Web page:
The question of Ghalib’s early education has often confused Urdu scholars. Although any record of his formal education that might exit is extremely scantly, it is also true that Ghalib’s circle of friends in Delhi included some of the most eminent minds of his time. There is finally, irrevocably, the evidence of his writings in verse as wll as in prose, which are distinguished not only by creative excellence but also by the great knowledge of philosophy, ethics, theology, classical literature, grammar, and history that they reflect. I think it is reasonable to believe that Mulla Abdussamad Harmuzd the man who was supposedly Ghalib’s tutor whom Ghalib mention at times with great affection and respect but whose very existence he sometimes denies was in fact, a real person and an actual tutor of Ghalib when Ghalib was a young boy in Agra. Harmuzed was a Zoroastrian from Iran, converted to Islam and a devoted scholar of literature, language, and religions. He lived in anonymity in Agra while tutoring Ghalib, among others.
In or around 1810, two events of great importance occurred in Ghalib’s life: he was married into a well to do educated family of nobles, and he left for Delhi. One must remember that Ghalib was only thirteen at the time. It is impossible to say when Ghalib started writing poetry. Perhaps it was as early as his seventh or eighth years. On the other hand, there is evidence that most of what we know as his complete works was substantially completed by 1816 when he was 19 years old, and six year after he first came to Delhi. We are obviously dealing with a man whose maturation was both early and repid. We can safely conjecture that the migration from Agra, which had once been a capital but was now one of that many important but declining cities, to Delhi, its grandeur kept intact by the existence of the Moghul court was an important event in the life of this thirteen years old newly married poet who desperately needed material security, who was beginning to take his career in letters seriously and who was soon to be recognized as a genus, if not by the court at least by some of his most important contemporaries, as for the marriage in the predominantly male oriented society of Muslim India no one could expect Ghalib to take that event terribly seriously, and he didn’t. The period did, however mark the beginning of the concern with material advanced that was to obsess him for the rest of his life.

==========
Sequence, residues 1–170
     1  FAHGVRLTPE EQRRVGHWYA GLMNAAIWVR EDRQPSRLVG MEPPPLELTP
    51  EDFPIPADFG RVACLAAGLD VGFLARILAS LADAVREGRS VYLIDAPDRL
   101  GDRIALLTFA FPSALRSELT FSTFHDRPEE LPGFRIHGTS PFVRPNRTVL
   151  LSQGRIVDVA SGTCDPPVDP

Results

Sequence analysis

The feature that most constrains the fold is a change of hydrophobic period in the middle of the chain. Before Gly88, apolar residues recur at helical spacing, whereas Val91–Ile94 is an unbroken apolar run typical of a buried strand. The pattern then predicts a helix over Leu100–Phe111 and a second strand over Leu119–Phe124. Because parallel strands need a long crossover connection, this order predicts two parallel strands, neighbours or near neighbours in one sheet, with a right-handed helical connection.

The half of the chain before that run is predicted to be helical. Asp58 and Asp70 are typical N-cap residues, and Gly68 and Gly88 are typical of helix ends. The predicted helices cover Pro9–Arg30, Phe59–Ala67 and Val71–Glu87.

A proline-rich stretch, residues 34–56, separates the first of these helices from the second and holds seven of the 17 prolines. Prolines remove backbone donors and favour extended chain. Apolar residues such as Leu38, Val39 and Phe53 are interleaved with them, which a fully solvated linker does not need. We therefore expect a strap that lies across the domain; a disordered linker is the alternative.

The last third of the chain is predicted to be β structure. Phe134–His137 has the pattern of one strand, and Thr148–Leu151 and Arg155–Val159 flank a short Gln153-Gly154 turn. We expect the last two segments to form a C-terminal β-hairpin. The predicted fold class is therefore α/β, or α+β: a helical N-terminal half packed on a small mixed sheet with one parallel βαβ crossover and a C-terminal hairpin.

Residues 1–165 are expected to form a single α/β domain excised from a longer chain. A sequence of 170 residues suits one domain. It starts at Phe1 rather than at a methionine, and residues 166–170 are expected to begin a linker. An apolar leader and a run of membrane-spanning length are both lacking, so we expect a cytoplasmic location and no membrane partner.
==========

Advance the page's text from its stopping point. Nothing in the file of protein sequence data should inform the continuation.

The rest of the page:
In Delhi Ghalib lived a life of comfort, though he did not find immediate or great success. He wrote first in a style at once detached, obscure, and pedantic, but soon thereafter he adopted the fastidious, personal, complexly moral idiom which we now know as his mature style. It is astonishing that he should have gone from sheer precocity to the extremes of verbal ingenuity and obscurity to a style of the ghazal in the Urdu Language before him as even twenty.